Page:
SGEM#25: Who Are You? (Skeptics’ Guide to Emergency Medicine)
Podcast Link: SGEM25
Date: 24 February 2013
Title: Who Are You? (Skeptics’ Guide to Emergency Medicine)
This is the 25th podcast of the Skeptics Guide to Emergency Medicine. Every so often I like to take a 10,000 foot view of things. In previous episodes we have looked at the top five FOAMed sites and the Choosing Wisely campaign. That reminds me, congratulations to ACEP for finally joining the Choosing Wiesely initiative to not over test and over treat our patients in the emergency department.
So back to the title of todays podcast, Who Are You? There has been lots of great feedback since launching TheSGEM in the fall of 2012. A few individuals have really helped improve the project including Drs. Chris Carpenter and Jason Wagner.
One of my biggest constructive critics has been Dr. Katrin Hruska from Sweden. She is very interested in social media and follows TheSGEM podcast.
TheSGEM wants to turn MedEd on its head. Use social media as a disruptive technology to provide the front line provider with the high quality, clinically relevant information to the patients bedside. The podcast lets TheSGEM listener turn their car into a classroom for 15-20 minutes commute. Rather than eminence based medicine from the grey hairs and no hairs trickling down to the masses TheSGEM tries to bubble it up from the grass root providers.
Much of the information for TheSGEM comes from the Best Evidence in Emergency Medicine (BEEM) project started by Dr. Andrew Worster of McMaster University. He is my evidence based medicine guru/mentor. Dr. Worster put together the BEEM Dream Team of EBM.
The social media is the message. Gen Y can teach their baby boom teachers about podcasts and twitter. Twitter must have been designed with ED doctors in mind. If you can’t get the message across in 140 characters or less we have lost interest.
The Skeptics Guide to Emergency Medicine was a revolution when it started but now has become an evolution. The hard part was getting the project started. I have adapted new technology, learned garage band and fingured out how to edit a podcast. Some things have worked well like the Keener Kontest, PUB cast in Oxford and having great guests like Dr. Tony Seupaul and medical student Lauren Westafer. Some things I have struggled with like finding the best microphone for good audio quality. I have fallen down at times, made mistakes but picked myself up to try again.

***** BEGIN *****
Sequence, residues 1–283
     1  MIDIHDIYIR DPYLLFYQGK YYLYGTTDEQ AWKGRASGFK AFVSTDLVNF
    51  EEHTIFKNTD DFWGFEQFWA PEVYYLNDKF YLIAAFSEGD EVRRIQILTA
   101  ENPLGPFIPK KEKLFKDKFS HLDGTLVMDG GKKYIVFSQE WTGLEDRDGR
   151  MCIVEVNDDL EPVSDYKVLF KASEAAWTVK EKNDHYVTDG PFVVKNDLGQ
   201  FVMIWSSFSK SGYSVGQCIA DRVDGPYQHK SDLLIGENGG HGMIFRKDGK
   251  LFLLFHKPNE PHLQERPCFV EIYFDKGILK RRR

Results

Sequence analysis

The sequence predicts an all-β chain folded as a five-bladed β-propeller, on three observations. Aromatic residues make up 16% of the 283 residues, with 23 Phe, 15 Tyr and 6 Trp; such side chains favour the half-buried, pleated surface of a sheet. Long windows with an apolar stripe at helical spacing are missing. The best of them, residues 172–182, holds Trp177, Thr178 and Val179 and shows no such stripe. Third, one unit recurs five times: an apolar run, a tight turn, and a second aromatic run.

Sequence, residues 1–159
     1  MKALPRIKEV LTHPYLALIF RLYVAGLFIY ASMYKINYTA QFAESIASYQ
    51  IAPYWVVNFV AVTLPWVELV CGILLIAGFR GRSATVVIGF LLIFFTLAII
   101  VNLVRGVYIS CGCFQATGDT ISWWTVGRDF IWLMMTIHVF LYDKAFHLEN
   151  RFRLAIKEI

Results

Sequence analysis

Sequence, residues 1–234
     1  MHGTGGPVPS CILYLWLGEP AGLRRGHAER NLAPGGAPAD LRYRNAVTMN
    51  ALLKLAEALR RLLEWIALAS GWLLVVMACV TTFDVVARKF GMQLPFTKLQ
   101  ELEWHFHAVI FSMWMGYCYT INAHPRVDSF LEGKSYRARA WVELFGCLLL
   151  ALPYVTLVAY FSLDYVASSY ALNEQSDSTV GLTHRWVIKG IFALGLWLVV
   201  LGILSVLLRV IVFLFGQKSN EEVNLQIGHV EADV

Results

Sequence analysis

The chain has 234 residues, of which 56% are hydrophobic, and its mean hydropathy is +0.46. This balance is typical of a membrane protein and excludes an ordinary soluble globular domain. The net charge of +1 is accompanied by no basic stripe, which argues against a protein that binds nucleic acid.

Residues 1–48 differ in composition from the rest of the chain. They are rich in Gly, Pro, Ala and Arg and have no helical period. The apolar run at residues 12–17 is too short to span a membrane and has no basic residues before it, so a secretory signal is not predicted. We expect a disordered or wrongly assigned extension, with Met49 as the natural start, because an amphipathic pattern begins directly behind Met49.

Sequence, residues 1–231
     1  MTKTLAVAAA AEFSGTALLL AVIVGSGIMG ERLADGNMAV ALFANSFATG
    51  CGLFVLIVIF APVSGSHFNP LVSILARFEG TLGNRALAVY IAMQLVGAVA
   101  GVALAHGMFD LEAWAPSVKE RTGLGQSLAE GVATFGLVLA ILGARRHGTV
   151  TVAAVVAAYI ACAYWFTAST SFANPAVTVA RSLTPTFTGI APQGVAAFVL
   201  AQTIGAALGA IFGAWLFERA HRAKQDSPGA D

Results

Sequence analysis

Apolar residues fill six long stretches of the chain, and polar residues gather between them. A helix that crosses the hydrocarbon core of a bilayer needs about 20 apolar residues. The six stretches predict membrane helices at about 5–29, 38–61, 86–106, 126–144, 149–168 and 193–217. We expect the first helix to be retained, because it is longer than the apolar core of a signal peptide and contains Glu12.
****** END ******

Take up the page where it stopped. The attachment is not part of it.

Katrin Hruska’s Questions of TheSGEM:
- Question#1: What problem is TheSGEM trying to solve?
- Question#2: After listening to TheSGEM what do you want the listener to do differently?
- Question#3: Who should not listen to TheSGEM?
- Question#4: What has TheSGEM achieved so far?
- Question#5: What is the purpose of the Keener Kontest?
KEENER KONTEST: Last weeks winner was Yifan Li from Western University. Yifan correctly identified that SPS3 stood for: Secondary Prevention of Small Subcortical Stroke. This is the second time Yifan has won the Keener Kontest. Therefore, I am going to send a cool skeptical prize to the person who was second in getting the correct answer, Jennifer Mazerolle from Chatham-Kent Health Alliance.
Be sure to listen to the podcast to hear this weeks Keener Kontest question. Email your answer to TheSGEM@gmail.com. Use “Keener Kontest” in the subject line. First one to email me the correct answer who has not won before will win the cool skeptical prize:)
Remember to be skeptical of anything you learn, even if you heard it on The Skeptics Guide to Emergency Medicine. Talk with you next week.